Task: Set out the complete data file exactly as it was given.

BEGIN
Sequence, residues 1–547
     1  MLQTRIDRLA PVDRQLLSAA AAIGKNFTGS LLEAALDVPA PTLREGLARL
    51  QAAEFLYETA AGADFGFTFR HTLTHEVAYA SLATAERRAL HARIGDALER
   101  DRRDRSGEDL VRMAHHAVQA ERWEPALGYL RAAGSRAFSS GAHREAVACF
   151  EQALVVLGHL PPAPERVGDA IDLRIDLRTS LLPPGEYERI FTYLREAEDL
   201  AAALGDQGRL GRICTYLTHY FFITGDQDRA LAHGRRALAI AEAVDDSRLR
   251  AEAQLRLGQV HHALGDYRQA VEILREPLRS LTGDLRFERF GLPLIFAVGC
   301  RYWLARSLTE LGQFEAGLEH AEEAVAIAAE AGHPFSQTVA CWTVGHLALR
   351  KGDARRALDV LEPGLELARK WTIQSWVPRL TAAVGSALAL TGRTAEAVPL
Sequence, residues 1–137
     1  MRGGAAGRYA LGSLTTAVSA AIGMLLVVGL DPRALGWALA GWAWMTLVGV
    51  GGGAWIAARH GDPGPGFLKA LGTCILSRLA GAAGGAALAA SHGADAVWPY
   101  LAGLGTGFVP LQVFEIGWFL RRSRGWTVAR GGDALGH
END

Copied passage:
Sequence, residues 1–547
     1  MLQTRIDRLA PVDRQLLSAA AAIGKNFTGS LLEAALDVPA PTLREGLARL
    51  QAAEFLYETA AGADFGFTFR HTLTHEVAYA SLATAERRAL HARIGDALER
   101  DRRDRSGEDL VRMAHHAVQA ERWEPALGYL RAAGSRAFSS GAHREAVACF
   151  EQALVVLGHL PPAPERVGDA IDLRIDLRTS LLPPGEYERI FTYLREAEDL
   201  AAALGDQGRL GRICTYLTHY FFITGDQDRA LAHGRRALAI AEAVDDSRLR
   251  AEAQLRLGQV HHALGDYRQA VEILREPLRS LTGDLRFERF GLPLIFAVGC
   301  RYWLARSLTE LGQFEAGLEH AEEAVAIAAE AGHPFSQTVA CWTVGHLALR
   351  KGDARRALDV LEPGLELARK WTIQSWVPRL TAAVGSALAL TGRTAEAVPL
Sequence, residues 1–137
     1  MRGGAAGRYA LGSLTTAVSA AIGMLLVVGL DPRALGWALA GWAWMTLVGV
    51  GGGAWIAARH GDPGPGFLKA LGTCILSRLA GAAGGAALAA SHGADAVWPY
   101  LAGLGTGFVP LQVFEIGWFL RRSRGWTVAR GGDALGH